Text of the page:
Nationwide abortion ban could raise maternal death rate by 24%, study suggests
Banning abortion nationwide would potentially raise U.S. maternal death rate by as much as 24%, a new analysis by researchers at the University of Colorado suggests.
The study, published June 29 in the pre-print server SocArXiv, came days after the U.S. Supreme Court’s ruling to overturn Roe v. Wade and end the constitutional right to an abortion. The ruling prompted a variety of reactions at the state level.
Some states have maintained the right to abortion and are now working to expand access to the procedure, while abortion is now restricted in several others, including in some states where it’s almost entirely illegal with no exceptions for pregnancies caused by rape or incest. And while the end of federal abortion protections opens the door to potentially making it illegal nationwide, it’s unclear how plausible that outcome would be.
FILE - Demonstrators march during a protest against the Supreme Court's overturning of the Roe v. Wade abortion-rights ruling in New York, the United States, July 4, 2022. (Photo by Michael Nagle/Xinhua via Getty Images)
The new study analyzes how a nationwide ban on abortion would impact maternal death rates. It uses newly available data from 2020 to show that the "increased exposure to the risks of pregnancy" caused by such a ban "would cause an increase of 210 maternal deaths per year (24% increase), from 861 to 1071."
It adds that the increase would be greatest among non-Hispanic Black people by an estimated 39%.
The researchers noted how data shows staying pregnant carries a higher risk of death than having an abortion. The U.S. Centers for Disease Control reported 0.41 deaths per 100,000 legal abortions between 2013 and 2018 and that the maternal mortality rate was 23.8 deaths per 100,000 live births in 2020.
The researchers — all from the university’s Institute of Behavioral Science — estimated that in the first year following a nationwide abortion ban, the number of maternal deaths would increase from a baseline of 861 to 969 (a 13% increase). In subsequent years, maternal deaths would increase by 210 over baseline, a 24% increase.
For Black people, the numbers were even more alarming.
"There is a robust network of Black-led research demonstrating how we can better support Black pregnant people who are at 2-3 times greater risk of dying because they’re pregnant compared to other groups," Amanda Stevenson, an assistant professor of sociology at CU Boulder and lead author of the paper, said in a statement.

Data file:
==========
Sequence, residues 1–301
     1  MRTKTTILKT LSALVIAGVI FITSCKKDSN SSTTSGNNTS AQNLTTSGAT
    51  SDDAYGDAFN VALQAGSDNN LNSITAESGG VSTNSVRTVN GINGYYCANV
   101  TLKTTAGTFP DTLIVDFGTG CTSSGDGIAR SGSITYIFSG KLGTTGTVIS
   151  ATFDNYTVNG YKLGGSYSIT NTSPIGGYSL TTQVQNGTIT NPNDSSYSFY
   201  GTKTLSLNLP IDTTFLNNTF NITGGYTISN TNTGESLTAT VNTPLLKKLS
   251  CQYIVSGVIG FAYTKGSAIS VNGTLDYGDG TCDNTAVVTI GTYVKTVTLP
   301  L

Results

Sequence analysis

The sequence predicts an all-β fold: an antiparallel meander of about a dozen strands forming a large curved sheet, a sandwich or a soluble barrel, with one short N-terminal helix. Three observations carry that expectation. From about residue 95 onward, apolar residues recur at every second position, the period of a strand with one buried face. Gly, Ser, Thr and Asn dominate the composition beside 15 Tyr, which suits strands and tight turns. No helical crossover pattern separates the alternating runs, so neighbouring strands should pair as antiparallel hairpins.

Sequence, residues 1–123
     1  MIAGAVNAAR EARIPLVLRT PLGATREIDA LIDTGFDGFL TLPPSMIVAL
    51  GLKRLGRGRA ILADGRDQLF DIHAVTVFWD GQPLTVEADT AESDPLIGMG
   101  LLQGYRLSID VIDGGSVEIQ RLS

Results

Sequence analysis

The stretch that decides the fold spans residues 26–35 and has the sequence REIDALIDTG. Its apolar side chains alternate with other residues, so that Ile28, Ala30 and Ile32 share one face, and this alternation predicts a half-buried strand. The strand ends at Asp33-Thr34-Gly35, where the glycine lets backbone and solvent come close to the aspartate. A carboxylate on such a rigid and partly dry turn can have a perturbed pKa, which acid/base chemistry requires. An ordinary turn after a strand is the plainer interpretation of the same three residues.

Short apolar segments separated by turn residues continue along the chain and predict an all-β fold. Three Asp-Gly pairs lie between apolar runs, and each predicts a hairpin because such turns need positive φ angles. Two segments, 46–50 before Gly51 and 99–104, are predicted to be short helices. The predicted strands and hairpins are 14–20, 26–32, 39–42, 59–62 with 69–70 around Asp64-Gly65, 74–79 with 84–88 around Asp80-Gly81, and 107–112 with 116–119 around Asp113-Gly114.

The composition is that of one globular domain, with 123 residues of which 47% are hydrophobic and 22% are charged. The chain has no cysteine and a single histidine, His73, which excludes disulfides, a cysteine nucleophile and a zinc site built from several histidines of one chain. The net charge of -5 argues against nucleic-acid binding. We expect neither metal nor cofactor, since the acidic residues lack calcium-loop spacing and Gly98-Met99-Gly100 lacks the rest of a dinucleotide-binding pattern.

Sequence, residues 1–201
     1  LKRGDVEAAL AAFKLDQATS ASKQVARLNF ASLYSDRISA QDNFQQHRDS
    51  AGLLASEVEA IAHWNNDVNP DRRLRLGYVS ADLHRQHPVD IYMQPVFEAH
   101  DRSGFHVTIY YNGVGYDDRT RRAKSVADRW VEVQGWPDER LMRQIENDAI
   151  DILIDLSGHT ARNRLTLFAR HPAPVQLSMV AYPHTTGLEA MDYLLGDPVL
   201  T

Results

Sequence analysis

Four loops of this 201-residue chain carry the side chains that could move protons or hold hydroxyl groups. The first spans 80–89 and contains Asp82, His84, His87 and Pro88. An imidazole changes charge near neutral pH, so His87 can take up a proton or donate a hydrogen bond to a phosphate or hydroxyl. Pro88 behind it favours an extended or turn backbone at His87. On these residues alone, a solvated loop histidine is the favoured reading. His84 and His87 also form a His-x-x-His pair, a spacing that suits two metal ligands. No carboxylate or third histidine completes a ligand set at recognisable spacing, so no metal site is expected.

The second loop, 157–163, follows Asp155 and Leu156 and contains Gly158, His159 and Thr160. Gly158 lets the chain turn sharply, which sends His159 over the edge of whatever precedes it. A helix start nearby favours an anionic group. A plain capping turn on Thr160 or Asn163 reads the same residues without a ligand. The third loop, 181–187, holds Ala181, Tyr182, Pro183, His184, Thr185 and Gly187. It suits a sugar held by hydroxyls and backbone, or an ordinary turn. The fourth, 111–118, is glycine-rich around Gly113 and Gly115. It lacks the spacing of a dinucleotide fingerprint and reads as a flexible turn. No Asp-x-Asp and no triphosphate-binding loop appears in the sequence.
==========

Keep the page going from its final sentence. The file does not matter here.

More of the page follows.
The new findings of the study have not yet been peer-reviewed.
The team also looked specifically at 26 states that have already banned or plan to ban abortion following the overturning of Roe v. Wade and found a lot of variation. In states with already high maternal death rates and moderate to high abortion rates, such as Florida and Georgia, the researchers estimated a 29% increase in maternal deaths.
In contrast, states like Nebraska, Missouri and West Virginia, which have already made it difficult to get an abortion, "are expected to see little to no change," according to a press release shared about the findings.
US has highest maternal mortality rate among developed countries
The U.S. has the highest maternal mortality rate among developed countries, according to data shared by the Commonwealth Fund, a nonprofit dedicated to improving health care and health policy.
In 2018, there were 17 maternal deaths for every 100,000 live births in the U.S. — a ratio more than double that of most other high-income countries, the nonprofit said. In the Netherlands, Norway, and New Zealand, the maternal mortality ratio was three per 100,000 or fewer.
"Our estimates highlight how we can prevent the post-Dobbs bans on abortion from increasing the already tragically high numbers of deaths due to pregnancy in the U.S.," Stevenson said, referring to the Supreme Court’s Dobbs v. Jackson Women’s Health Organization decision that overturned Roe.
"Pregnancy shouldn’t kill people––in fact in other rich countries it very rarely does," Stevenson added.
This story was reported from Cincinnati.